Jive Software's shares soared on its first day as a publicly traded company, closing at $15.05 (£9.71) on Nasdaq - a 25 percent jump from its IPO pricing of $12. It also increased the offering from 11.7 million shares to 13.4 million shares.

The California-based company – which aims to be the “Facebook for business,” providing online collaborative spaces where people can jointly annotate and edit documents, post comments and receive automated alerts about colleagues' actions – filed in August to raise up to $100 million in its IPO.

However, Jive's offering was oversubscribed on Monday, helping the company sell more shares at a higher-than-expected price, raising $160.8 million from its listing. At Tuesday's close, the company had a market value of about $862 million.

“We will continue to invest in our social business software platform and take that platform to different markets,” Jive's chief executive Tony Zingale told Reuters. “So the plan in the next six months is to invest and execute."

Jive currently has around 700 clients, including HP, SAP, T-Mobile and UBS. It is backed by private equity firm Sequoia Capital, which own a 35 percent stake. The company is not profitable – it lost $38 million in the first nine months of 2011 – but its revenue has been growing around 60 percent for the last two years.

Jive competes with a number of social-media startups, as well as established business-software companies such as Salesforce.com and IBM. The company's IPO performance is expected to pave the way for other developers of online business software to go public in the next year or two.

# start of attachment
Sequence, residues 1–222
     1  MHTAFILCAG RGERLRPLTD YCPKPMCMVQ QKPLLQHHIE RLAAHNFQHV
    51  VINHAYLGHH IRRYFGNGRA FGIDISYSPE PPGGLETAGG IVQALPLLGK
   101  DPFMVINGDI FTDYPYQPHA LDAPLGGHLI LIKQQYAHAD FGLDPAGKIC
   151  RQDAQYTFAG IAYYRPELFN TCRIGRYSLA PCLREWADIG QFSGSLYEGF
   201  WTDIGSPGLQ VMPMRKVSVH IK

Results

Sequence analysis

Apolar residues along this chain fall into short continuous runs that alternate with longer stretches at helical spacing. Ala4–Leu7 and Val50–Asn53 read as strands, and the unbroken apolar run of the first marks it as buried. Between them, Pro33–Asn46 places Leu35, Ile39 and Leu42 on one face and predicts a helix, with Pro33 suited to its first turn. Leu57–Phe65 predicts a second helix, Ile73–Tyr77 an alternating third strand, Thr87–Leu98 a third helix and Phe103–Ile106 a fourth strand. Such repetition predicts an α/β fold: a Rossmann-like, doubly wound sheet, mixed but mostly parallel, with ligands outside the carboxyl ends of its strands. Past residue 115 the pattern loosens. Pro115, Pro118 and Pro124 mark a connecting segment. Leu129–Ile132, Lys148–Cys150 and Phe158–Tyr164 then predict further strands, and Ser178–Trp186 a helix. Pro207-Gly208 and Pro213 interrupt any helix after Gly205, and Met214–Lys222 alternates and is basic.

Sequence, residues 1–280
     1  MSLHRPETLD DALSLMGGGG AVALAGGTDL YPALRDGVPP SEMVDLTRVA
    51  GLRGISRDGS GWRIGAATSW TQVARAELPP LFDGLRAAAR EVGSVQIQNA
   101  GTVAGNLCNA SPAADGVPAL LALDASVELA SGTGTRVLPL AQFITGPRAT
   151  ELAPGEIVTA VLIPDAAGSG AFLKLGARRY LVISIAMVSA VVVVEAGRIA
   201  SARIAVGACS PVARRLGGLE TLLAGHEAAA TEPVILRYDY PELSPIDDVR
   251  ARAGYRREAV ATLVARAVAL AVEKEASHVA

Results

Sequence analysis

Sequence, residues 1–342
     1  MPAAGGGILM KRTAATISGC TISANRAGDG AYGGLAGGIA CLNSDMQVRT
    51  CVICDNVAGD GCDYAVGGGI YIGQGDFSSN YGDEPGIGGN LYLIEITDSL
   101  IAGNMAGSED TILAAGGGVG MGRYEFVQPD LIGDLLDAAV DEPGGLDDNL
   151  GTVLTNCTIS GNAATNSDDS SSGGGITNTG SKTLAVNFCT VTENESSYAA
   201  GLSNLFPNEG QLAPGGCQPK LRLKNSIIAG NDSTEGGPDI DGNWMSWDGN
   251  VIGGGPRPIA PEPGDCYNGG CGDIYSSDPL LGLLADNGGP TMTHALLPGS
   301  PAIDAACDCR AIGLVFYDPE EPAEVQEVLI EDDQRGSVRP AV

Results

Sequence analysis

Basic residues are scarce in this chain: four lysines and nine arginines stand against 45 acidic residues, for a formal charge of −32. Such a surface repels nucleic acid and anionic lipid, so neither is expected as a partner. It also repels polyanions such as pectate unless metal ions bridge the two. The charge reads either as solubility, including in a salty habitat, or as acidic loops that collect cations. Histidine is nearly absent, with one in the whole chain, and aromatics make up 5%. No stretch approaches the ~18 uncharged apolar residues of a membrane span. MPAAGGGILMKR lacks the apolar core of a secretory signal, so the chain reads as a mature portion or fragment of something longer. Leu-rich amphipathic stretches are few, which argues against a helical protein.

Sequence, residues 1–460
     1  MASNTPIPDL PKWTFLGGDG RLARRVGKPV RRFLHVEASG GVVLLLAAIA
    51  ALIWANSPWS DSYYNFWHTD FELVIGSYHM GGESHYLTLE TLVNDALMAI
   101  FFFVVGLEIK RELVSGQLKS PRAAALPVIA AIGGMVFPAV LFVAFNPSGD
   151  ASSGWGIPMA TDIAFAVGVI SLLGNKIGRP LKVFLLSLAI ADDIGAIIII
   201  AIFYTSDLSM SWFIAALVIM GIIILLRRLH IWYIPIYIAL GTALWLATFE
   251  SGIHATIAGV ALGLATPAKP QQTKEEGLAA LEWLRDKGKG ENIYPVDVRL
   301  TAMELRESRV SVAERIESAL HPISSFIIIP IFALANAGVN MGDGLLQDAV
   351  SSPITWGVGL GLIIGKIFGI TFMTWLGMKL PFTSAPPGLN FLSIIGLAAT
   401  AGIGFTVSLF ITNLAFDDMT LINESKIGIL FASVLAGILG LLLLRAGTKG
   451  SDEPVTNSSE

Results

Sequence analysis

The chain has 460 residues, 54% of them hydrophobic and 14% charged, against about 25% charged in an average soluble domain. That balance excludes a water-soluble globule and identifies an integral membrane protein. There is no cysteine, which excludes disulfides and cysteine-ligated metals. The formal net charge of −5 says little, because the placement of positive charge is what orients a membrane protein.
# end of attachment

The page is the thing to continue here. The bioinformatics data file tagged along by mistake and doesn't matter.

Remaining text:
“Jive’s IPO is very positive news for the social enterprise software market, validating the industry’s momentum and technology adoption,” said Tom Kelly, chief executive of Jive competitor Moxie Software. “There is no doubt that social enterprise technology can help today’s business leaders become more effective and drive greater efficiencies in their organisations.”

A recent study from Forrester Research found that enterprise social collaboration software, which offer Facebook and Twitter-like capabilities adapted for workplaces, will grow strongly in the coming years, eclipsing demand for more traditional communications and collaboration products.

Organisations will increase their spending on enterprise social collaboration software at a compound annual growth rate of 61 percent through 2016, a year in which the market for these products will reach $6.4 billion (£4 billion), compared with $600 million last year.